Healthcare Reform; Socialism or Fascism?
Healthcare Reform; Socialism or Fascism?
Whole Foods CEO John Mackey in 2009 originally called President Obama’s healthcare plan a form of Socialism while writing an op-ed for the Wall Street Journal:
“The problem with socialism is that eventually you run out of other people’s money.” Margaret Thatcher”
and added to Thatcher’s statement:
“While we clearly need health-care reform, the last thing our country needs is a massive new health-care entitlement that will create hundreds of billions of dollars of new unfunded deficits and move us much closer to a government takeover of our health-care system,” he wrote.
Mackey joins other CEO’s (Papa Johns, Olive Garden, Applebees, etc.) (Raising the Cost of Pizza 10 to 14 cents); who refuse to understand the need for healthcare reform, support a commercial healthcare insurance and industry solution even though both have done little to voluntarily rein in costs, are willing to penalize their employees for the PPACA, and ignore the results of doing nothing and associated increased costs. Since Hillarycare (1994), the industry has ignored increasing costs and has not provided solutions to mitigate them. As shown in Figure 1 annual healthcare cost has grown much faster than inflation. Figure 4 shows the increase in House hold expenditures since 1994 when Hillarycare was considered.
“American Healthcare since 1994” Center for American Progress
Recently during an NPR interview, John Mackey changed his opinion calling the PPACA fascism instead of Socialism:
“Technically speaking, it’s more like fascism. Socialism is where the government owns the means of production. In fascism, the government doesn’t own the means of production, but they do control it — and that’s what’s happening with our health care programs and these reforms.” Obamacare Is Fascist, Not Socialist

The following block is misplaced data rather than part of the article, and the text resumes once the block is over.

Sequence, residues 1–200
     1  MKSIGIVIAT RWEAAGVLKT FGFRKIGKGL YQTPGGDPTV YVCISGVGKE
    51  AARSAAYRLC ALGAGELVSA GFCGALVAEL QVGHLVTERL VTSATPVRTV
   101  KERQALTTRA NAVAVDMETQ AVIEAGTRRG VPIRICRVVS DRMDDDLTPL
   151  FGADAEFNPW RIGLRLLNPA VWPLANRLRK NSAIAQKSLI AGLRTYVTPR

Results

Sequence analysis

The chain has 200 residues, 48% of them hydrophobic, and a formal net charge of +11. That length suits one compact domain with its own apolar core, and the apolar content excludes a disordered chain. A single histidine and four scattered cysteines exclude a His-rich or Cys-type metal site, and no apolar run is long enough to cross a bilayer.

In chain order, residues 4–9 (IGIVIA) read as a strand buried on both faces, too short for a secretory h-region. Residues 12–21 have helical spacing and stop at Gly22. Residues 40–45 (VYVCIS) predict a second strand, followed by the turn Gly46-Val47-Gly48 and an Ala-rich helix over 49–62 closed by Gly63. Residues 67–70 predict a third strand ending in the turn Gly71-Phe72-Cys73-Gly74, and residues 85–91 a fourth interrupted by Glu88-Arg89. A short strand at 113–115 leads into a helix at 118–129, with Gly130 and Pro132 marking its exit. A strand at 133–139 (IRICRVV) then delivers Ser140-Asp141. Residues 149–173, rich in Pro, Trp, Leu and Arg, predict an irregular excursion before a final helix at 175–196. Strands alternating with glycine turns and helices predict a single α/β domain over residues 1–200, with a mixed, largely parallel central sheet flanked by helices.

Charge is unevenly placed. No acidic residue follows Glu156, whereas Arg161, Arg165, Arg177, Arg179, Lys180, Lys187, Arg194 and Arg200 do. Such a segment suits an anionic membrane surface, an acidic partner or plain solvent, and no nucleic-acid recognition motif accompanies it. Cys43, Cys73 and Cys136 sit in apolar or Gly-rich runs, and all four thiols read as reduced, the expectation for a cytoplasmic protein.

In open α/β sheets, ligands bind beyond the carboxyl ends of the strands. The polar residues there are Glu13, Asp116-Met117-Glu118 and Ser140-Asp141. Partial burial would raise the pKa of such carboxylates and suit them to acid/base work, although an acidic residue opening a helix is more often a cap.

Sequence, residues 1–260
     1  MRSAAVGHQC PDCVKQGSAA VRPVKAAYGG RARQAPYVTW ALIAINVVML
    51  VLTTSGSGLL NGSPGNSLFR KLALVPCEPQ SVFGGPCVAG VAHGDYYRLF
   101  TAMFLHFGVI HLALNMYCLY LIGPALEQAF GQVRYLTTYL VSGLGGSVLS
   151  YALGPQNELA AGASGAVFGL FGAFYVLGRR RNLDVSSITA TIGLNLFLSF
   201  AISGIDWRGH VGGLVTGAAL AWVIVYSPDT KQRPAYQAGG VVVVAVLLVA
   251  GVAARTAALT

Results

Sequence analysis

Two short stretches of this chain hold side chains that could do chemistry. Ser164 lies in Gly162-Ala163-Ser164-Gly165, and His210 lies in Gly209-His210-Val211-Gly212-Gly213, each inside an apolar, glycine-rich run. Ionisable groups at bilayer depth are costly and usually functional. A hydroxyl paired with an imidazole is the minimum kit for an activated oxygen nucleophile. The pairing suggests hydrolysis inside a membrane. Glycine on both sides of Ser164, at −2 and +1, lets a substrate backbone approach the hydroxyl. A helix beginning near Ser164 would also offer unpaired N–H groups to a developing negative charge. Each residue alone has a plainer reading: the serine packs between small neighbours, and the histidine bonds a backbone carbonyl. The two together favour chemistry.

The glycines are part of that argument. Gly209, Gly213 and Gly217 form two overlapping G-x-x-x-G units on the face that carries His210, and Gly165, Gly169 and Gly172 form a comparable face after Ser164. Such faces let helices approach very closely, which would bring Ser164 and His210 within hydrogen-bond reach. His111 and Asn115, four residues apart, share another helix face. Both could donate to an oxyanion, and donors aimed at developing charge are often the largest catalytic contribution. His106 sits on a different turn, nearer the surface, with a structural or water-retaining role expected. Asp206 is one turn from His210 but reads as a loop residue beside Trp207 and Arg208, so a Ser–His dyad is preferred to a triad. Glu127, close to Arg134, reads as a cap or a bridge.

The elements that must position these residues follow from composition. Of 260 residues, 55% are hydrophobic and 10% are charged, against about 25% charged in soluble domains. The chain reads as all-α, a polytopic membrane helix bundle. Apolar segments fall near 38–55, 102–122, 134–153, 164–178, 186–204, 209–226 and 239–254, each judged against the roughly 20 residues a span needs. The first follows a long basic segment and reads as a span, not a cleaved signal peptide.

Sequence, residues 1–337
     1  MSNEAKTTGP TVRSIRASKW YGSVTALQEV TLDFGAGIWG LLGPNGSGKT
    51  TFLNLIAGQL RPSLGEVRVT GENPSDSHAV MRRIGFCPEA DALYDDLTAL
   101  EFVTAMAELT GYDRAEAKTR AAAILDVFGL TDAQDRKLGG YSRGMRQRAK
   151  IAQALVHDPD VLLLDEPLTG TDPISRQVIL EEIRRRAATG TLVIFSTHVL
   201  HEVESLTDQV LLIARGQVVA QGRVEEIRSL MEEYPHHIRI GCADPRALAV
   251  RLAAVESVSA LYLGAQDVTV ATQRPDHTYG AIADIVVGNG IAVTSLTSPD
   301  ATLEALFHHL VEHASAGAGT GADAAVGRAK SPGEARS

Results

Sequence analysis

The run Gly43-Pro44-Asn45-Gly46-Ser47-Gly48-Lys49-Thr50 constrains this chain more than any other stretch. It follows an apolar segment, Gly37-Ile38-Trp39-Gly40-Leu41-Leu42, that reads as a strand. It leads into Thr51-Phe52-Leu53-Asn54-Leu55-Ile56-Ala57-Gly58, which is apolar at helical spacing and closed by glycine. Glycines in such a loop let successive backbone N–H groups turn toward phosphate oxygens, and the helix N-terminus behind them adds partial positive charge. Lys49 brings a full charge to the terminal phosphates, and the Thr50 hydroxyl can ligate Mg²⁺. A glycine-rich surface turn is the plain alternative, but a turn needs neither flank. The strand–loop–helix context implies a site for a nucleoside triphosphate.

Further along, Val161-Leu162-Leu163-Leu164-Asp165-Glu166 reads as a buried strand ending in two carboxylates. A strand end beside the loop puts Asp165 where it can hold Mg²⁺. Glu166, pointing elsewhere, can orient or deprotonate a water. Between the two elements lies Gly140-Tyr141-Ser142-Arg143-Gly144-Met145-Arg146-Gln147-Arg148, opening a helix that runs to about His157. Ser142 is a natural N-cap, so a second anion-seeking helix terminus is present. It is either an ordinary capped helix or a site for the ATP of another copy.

In a short period after labeling the PPACA as fascism, John Mackey reconsiders his words after a public uproar and retracted his name-calling of President Obama as a fascist and the PPACA as fascism. All of this from a Liberal now turned Libertarian.
“The term fascism today stirs up too much negative emotion with its horrific associations in the 20th century,” he said.
“I believe that, if the goal is universal health care, our country would be far better served by combining free enterprise capitalism with a strong governmental safety net for our poorest citizens and those with preexisting conditions, helping everyone to be able to buy insurance. This is what Switzerland does and I think we would be much better off copying that system than where we are currently headed in the United States.” Whole Foods CEO Regrets . . .”
It has only been since the passage of the PPACA (see S&P Healthcare Indices) has the healthcare industry begun to rein in costs as reflected in Medicare, Medicaid, and SCHPS through efficiencies. Much of this is due to the healthcare industry rapidly preparing for the 2014 final implementation of the PPACA. More will come after 2014.
You would think this would be enough? At the same time, the Republicans are calling for cuts to the three programs to lower deficit spending; the President is offering to consider modest cuts and shows willingness to sell-out the citizens to achieve his Grand Deal. Cuts in any of the programs will do nothing to lower healthcare industry cost as these programs are a reflection of the industry. In the end, such a Grand Deal will lay the burden of healthcare costs on the elderly, the poor and the children of this nation. The “I Made This” John Mackeys of the world who became rich as a result his customers buying from Whole Foods will absolve themselves of any social responsibility.
Oh sure, he wants a Swiss system. The one where the privates are not allowed to make a profit from the primary compulsatory plan and they are priced the same regardless of age and the government makes up the difference of the premium that is above 8% of one’s income?
At the same time Obama/dems deal away the nonprofit componate of the ACA, the one that was to help develope nonprofits with only a 5% admin cost allowed to compete in the exchanges in the most recent tax deal.
They are all idiots!
Couple of quick comments:
I have already predicted Obamacare will fail because the model is too complicated to operate.